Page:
What the guides offered was a brief description of the accessible offering at museums and heritage attractions that would enable people to make a decision to whether they wanted to visit. Users told Weisen and his team was they wanted a short descriptions of what was accessible, how much could be touched and whether there was an audio guide. “These features remain rare in most cultural access guides,” he says. “Which result in numerous phone calls to museums from potential, visually impaired, visitors.” This creates, says Weisen, dependency, not freedom where access to information should mean from the get-go ease and fluidity of planning.
This is a point that is consistently raised in Euan’s Guide, which was set up in November 2013 by Euan MacDonald who has motor neurone disease and is in a wheelchair, to provide reviews on attractions for people with disabilities. “Euan’s Guide is an alternative to hours of web searching and phone calls and, most importantly, removes the ‘fear of the unknown’ when visiting a venue for the first time,” says MacDonald, Founder of Euan’s Guide.
MacDonald started compiling a local directory with his family of accessible places to visit and thought there must be thousands of people who could benefit from this and decided to launch a website. The result is hundreds of on the ground reviews of visitor attractions, including dozens of museums, by people with disabilities, which is growing daily. In M+H Advisor’s case study, we provide a Top Tips for Museums and Galleries compiled by Euan’s Guide users.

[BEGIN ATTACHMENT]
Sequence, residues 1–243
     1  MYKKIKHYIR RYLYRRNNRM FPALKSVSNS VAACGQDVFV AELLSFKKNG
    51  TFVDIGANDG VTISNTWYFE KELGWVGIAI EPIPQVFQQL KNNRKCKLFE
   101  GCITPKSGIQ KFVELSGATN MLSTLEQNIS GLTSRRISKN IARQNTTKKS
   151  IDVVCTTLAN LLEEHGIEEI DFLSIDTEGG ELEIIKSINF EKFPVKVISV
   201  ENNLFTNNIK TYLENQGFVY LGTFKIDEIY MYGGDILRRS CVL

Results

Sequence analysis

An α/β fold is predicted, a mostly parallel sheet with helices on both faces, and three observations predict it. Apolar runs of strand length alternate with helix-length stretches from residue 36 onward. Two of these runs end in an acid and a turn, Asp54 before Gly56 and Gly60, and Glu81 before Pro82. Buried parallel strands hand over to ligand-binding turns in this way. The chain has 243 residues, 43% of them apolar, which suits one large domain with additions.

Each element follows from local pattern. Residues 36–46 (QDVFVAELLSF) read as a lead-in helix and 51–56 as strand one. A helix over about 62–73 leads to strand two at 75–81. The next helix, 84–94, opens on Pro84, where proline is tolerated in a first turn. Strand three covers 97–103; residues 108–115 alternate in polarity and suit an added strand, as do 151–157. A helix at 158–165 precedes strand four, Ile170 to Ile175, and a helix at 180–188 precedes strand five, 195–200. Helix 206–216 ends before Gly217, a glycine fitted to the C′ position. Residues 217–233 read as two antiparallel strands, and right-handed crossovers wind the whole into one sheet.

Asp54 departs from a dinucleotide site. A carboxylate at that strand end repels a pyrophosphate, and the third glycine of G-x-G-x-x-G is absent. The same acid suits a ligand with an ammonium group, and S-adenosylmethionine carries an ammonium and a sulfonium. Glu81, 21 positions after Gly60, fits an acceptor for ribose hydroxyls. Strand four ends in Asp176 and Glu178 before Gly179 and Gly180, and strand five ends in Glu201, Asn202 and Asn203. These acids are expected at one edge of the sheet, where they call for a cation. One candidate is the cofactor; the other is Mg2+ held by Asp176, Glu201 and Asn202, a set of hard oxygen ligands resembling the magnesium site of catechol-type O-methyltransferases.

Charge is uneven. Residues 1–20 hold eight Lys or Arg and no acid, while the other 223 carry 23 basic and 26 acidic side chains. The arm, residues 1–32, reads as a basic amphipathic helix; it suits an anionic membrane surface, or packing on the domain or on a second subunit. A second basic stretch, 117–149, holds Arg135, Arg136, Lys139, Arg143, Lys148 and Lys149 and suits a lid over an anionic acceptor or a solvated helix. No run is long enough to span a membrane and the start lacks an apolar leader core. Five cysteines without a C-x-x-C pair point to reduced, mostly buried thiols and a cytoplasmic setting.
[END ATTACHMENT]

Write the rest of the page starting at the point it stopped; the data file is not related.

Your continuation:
In all of the case studies accessibility is tackled from different perspectives with the same goal: inclusion. From the newly built Canadian Museum of Human Rights that was able to adopt a design and build approach, were accessibility was part of the museum’s initial plans, to the Georgian mansions of the National Trust, which have to adapt buildings not originally designed for disabled access.
“Museums and heritage organisations provide amazing opportunities to engage with history and culture,” says Heather Smith, access and equality specialist at the National Trust and part of the committee of volunteers at the Jodi Mattes Trust. “Accessibility should be at the heart of what we do to enable people to experience this history and culture whether physically or digitally.”
Past In Focus Features
M+H Advisor talks to the Touring Exhibitions Group and presents five case studies from museums that have created, or are currently planning, temporary and touring exhibitions
Packing and transporting museum collections is fundamental to museum discovery and requires an intricate process of planning and trust, which requires experts both within and outside of museums
Collections are the powerhouse of museums but they are nothing without good management and the engagement of the audience
The process of developing an exhibition from concept to realisation requires an enormous amount of planning and research and the aim is to give the best visitor experience possible by using the right amount of technology and design to tell the story
From government and museum-led initiatives to specialist companies there is a wealth of expertise catered to the sector that ensures buildings and collections are secure and accessible
The use of 3D printers by museums has become more common recently with improvements in technology, lower prices and innovative ways to use them both curatorially and entrepreneurially
The environmental control of collections is essential for the upkeep of objects especially where light, humidity and temperature are concerned and is now a fine science with national standards